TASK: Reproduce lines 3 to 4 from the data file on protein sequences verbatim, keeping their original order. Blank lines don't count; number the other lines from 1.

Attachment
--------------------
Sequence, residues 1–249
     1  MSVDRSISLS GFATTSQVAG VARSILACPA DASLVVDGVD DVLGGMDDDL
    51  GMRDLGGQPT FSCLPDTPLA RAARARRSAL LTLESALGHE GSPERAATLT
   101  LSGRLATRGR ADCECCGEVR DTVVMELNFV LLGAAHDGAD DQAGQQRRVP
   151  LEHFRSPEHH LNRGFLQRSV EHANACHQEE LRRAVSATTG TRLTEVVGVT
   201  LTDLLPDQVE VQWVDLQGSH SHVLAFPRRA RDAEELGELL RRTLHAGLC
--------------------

    51  GMRDLGGQPT FSCLPDTPLA RAARARRSAL LTLESALGHE GSPERAATLT
   101  LSGRLATRGR ADCECCGEVR DTVVMELNFV LLGAAHDGAD DQAGQQRRVP